Data from the Shanghai Gold Exchange shows that China’s imports reached 230 tons in the first 10 months of 2010. In the first two months of 2011 alone, industry experts cited by Standard Chartered estimate imports have already hit 220 tons.
David Davis, an old-hand mining engineer in South Africa who tracks precious metals for Standard Securities, notes that poor, peasant farmers in India, if the monsoons are good and the crops are bountiful, will go and splurge on a grab of gold.
Indeed, the “super-bull” scenario depends on China and India: This outlook assumes that the average income her head in China and India reaches 30% of the U.S. level by 2030. This seems very possible. Standard Chartered is looking for India alone to create nearly 500 million new manufacturing and service jobs over the next 20 years — jobs that will expand India’s middle class from 10% of the population today to 90% over the period.
It won’t be a straight shot to $5,000 an ounce, however. That’s because history shows that gold tends to rally in the period leading up interest rate hikes, it stalls a couple of months before the actual move higher. The European Central Bank became the first rich-world monetary authority to tighten policy last week. And the Fed’s $600 billion “QE2” program is set to end in just two month’s time.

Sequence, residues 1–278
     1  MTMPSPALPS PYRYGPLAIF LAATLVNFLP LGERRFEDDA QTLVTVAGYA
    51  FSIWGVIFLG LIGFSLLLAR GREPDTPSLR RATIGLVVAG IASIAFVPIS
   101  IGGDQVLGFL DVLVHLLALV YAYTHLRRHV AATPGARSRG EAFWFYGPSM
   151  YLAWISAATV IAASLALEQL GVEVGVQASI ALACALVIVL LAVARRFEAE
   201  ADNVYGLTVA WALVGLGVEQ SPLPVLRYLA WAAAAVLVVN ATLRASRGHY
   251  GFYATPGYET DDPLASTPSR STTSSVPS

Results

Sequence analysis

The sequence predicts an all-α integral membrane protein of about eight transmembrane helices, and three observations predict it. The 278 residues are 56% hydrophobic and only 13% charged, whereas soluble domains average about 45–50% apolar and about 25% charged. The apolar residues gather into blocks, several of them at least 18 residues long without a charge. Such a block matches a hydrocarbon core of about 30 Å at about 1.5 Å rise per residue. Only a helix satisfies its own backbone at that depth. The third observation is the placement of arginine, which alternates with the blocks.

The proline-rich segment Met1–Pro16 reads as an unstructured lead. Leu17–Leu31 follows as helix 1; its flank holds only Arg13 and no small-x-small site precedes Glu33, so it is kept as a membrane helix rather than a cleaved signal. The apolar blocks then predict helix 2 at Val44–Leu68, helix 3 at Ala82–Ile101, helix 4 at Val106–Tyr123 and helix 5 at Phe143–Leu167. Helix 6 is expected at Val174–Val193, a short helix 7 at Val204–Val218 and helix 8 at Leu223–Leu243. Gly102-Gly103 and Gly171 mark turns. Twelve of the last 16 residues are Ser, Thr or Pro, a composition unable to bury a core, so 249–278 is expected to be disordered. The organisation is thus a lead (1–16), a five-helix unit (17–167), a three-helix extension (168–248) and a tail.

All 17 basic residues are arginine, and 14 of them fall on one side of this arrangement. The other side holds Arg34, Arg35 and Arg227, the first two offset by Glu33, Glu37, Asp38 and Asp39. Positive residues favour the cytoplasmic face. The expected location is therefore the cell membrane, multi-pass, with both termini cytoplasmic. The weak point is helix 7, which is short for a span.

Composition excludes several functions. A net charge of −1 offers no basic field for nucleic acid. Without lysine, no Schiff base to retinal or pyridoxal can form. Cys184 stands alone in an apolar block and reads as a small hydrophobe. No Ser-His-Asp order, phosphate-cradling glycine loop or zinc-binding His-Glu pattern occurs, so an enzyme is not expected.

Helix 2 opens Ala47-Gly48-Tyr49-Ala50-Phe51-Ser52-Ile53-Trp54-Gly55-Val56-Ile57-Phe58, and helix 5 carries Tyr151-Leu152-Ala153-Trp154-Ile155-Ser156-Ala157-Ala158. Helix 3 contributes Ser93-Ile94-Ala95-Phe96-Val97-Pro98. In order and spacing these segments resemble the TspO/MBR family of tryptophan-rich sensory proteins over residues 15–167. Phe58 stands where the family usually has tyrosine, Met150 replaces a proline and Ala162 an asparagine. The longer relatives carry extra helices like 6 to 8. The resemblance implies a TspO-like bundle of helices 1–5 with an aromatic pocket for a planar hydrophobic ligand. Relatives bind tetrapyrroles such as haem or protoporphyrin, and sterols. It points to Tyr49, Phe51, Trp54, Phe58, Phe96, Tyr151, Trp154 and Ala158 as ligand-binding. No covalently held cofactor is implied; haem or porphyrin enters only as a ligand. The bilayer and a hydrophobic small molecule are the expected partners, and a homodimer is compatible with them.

Also, the long-term picture is still cloudy as increased supply is poised to come online. Gold mine output tends to lag price peaks by about 10 years because of the difficult logistics involved in locating, extracting, processing, and transporting virgin gold from the earth. So far, production growth has been subdued: Mine output expanded 7% in 2009 but only 3% in 2010.
Still, production is ramping up: A recent survey by consultancy PWC found that 71% of gold mining companies planned to spend extra cash on developing new projects. With cash margins up 40% year-over-year towards the end of last year, at $655 an ounce according to GFMS data, there is “plenty of money available to spend, which will help to power the next upswing in mine investments and projects.”
Because of the slow start of supply growth, and the rapid economic rebound enjoyed by the likes of India and China recently, prices are likely to continue to drift higher over the next three years until mine production ramps up.
For more, be sure to check out my other recent post on the subject here.
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